Jan. 1, 2009: Est. population, 2,967,000; Members, 2,748; Branches, 15; Districts 1; Missions, 1; percent LDS: .09 or 1 in 1,080; Europe East Area; Armenia Yerevan Mission.
The gospel has been preached among Armenians living outside of their homeland since the 1880s. In December 1884, Jacob Spori and George C. Naegle were appointed to serve in Constantinople, Turkey, and began to preach to the community of Armenians there. Mr. Vartooguian and three members of his family were baptized on 4 January 1885, the first Armenians to join the Church.
As the Ottoman Empire began to decline, ethnic hatred and acts of violence against Armenians increased. In May 1909, Thomas P. Page attempted to purchase a tract of land in Syria for the Armenian Church members to colonize. This colony, however, never materialized because the Turkish Mission was closed that same year due to political instability in Turkey.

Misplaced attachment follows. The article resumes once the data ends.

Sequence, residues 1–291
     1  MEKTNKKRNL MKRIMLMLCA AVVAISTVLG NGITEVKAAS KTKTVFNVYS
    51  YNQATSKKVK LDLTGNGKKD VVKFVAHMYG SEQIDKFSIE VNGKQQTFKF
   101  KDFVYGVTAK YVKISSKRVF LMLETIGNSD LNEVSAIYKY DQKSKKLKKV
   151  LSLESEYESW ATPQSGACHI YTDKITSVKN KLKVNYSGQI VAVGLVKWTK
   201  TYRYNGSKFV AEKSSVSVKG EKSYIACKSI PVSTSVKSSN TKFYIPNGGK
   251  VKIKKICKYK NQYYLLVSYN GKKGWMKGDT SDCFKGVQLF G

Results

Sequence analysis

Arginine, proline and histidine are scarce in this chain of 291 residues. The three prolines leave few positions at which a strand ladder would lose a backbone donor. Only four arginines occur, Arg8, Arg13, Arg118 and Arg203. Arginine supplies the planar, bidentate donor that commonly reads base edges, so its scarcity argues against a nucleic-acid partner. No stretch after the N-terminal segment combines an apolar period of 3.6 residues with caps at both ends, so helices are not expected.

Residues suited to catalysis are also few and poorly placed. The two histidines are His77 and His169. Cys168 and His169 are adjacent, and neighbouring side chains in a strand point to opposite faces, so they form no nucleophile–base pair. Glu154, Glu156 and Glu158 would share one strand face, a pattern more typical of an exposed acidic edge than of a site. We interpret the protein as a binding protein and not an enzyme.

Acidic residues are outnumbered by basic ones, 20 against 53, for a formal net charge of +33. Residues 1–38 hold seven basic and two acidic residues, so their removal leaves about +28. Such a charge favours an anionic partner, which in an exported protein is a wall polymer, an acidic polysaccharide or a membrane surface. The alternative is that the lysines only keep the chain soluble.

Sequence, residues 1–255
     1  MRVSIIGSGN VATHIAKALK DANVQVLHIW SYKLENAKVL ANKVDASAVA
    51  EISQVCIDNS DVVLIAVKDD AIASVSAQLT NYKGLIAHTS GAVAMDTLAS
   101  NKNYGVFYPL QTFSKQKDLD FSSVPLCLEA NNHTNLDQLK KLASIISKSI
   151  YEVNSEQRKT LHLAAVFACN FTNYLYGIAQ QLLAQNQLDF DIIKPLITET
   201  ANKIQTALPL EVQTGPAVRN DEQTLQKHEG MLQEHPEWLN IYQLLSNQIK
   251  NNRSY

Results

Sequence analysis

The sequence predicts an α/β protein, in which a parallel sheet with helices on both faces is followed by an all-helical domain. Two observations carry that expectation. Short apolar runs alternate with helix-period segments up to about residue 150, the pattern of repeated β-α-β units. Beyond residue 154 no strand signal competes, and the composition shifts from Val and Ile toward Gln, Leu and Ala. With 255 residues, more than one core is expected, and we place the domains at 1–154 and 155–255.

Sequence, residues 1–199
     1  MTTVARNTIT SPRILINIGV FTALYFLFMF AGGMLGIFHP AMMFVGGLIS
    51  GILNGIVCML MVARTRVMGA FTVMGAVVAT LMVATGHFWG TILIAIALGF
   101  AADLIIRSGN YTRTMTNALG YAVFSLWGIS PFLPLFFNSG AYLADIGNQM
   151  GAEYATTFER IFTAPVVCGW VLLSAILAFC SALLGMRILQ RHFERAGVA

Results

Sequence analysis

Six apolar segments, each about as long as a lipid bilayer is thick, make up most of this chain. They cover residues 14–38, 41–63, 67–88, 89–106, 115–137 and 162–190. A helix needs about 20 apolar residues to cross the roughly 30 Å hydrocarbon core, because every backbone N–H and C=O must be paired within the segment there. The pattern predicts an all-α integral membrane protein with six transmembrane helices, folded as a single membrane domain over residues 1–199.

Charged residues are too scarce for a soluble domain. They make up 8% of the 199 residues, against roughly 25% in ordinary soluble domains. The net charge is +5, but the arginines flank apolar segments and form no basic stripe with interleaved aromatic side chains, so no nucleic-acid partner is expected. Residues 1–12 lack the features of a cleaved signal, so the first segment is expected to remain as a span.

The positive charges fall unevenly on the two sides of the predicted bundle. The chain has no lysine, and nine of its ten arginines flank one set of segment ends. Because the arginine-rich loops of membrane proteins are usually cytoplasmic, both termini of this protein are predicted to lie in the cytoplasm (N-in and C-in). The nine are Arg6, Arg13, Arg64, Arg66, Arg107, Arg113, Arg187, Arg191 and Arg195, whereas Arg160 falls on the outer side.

A little over a decade later, in 1921, Elder David O. McKay of the Quorum of the Twelve reported visiting the Armenian Latter-day Saints who were spread across the Near East, having been driven from their homes because of continuing violence and persecution. Church members in the United States held a fast to benefit Church members in need, including Armenians. A portion of the $115,000 collected from the fast offerings was given to Armenian Latter-day Saints by J. Wilford Booth. Booth was president of the Turkish Mission, which was responsible for missionary work in the Near East.